What do you tell children in the aftermath of terrifying violence like we Americans just witnessed in the Squirrel Hill synagogue in Pittsburgh? What red flags must we be alert to in our children? How do we fortify ourselves so we can guide our children toward a return to normal life?
World-renowned psychiatrist, Prof. Esti Galili-Weisstub, head of the Herman Dana Division of Child and Adolescent Psychiatry at the Hadassah Medical Organization, has traveled to countless cities—from Berlin to Kiev to Las Vegas—to share her expertise in helping 800 children overcome the post-traumatic stress they experienced as victims of terror and other tragic events in Israel.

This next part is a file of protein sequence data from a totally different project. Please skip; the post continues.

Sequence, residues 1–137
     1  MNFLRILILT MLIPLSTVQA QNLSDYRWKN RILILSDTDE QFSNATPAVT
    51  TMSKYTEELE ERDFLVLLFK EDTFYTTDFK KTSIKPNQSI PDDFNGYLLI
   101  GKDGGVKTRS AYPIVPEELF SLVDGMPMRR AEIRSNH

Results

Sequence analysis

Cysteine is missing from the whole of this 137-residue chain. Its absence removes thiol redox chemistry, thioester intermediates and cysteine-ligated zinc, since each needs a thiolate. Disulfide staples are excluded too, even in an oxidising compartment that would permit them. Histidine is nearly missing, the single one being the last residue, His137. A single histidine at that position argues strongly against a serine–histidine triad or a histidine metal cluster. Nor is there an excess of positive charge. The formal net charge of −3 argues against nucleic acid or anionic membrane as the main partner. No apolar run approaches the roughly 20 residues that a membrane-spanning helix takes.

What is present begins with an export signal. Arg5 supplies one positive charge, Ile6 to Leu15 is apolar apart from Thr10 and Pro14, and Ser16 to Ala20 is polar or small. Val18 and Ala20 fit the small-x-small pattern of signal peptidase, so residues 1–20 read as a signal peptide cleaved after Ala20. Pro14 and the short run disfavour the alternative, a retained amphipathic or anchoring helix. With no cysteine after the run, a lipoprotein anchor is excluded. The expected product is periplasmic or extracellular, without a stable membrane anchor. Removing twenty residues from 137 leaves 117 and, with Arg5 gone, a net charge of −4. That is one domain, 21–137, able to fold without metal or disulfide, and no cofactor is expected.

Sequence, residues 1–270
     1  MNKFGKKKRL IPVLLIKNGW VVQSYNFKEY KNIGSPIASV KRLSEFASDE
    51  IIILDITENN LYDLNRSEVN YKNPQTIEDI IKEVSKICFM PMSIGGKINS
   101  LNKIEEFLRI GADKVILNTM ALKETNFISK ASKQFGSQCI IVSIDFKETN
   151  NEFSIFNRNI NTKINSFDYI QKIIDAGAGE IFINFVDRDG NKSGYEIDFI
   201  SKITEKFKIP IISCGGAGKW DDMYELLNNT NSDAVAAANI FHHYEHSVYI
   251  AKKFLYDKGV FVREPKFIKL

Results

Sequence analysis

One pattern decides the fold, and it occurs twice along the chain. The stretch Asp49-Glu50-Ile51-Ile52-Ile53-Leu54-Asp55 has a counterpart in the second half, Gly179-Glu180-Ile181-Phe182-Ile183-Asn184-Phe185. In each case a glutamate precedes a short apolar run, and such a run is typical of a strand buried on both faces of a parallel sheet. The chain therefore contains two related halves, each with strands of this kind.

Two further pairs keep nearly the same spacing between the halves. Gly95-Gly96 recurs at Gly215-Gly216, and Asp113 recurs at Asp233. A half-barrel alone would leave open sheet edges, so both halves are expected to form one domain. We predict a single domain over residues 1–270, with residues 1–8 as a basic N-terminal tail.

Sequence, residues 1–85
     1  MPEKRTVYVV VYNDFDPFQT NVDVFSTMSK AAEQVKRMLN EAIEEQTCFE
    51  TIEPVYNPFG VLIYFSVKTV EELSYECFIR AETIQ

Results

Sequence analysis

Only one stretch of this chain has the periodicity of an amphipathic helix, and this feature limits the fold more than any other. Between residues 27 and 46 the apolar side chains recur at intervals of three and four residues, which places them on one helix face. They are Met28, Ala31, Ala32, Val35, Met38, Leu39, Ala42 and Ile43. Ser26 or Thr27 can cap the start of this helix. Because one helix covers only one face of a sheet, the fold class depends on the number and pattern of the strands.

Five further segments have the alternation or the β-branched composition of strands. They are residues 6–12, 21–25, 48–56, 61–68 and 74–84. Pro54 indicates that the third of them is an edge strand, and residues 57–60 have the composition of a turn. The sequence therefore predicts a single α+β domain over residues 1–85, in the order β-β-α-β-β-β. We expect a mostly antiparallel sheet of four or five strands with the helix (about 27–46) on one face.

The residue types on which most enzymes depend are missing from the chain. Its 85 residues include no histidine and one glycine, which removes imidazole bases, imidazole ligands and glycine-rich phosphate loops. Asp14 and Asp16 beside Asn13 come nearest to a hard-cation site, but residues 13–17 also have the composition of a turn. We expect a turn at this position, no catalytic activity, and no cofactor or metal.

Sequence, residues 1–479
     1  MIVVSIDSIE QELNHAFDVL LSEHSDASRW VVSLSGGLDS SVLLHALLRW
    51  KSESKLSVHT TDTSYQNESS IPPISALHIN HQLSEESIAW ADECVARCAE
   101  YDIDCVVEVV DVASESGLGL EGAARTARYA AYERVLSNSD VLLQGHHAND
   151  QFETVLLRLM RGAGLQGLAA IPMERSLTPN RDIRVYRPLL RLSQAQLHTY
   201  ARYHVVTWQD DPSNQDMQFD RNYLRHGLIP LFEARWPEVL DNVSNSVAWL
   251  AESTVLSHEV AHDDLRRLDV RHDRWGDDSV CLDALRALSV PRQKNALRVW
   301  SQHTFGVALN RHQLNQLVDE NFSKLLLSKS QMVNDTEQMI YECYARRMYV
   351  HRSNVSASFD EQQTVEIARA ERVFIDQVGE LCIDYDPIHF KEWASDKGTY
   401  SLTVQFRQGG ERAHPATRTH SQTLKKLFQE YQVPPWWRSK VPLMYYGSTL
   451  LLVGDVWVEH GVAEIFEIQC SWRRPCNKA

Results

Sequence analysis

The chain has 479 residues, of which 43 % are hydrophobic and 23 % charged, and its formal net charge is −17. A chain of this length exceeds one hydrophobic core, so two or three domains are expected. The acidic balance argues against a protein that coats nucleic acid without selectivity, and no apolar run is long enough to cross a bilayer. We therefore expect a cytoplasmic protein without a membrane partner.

Why the outreach? “We feel an obligation to victims everywhere in the world,” she says.
Israel, Dr. Galili-Weisstub brings out, is sadly used to terror. Israelis know it is part of their reality, and so they are not shocked when it occurs. For Americans, the Pittsburgh massacre was “a thunderstorm on a totally sunny day.”
Projecting an optimistic note, despite all the post traumatic stress disorder she deals with regularly, Dr. Galili-Weisstub says, “A psyche is built for regeneration and recovery. We have the strength to continue.”
Listen to Prof. Galili-Weisstub’s inspiring, concrete advice for tailoring therapy to each family’s personal situation in order to best help children in the aftermath of terror.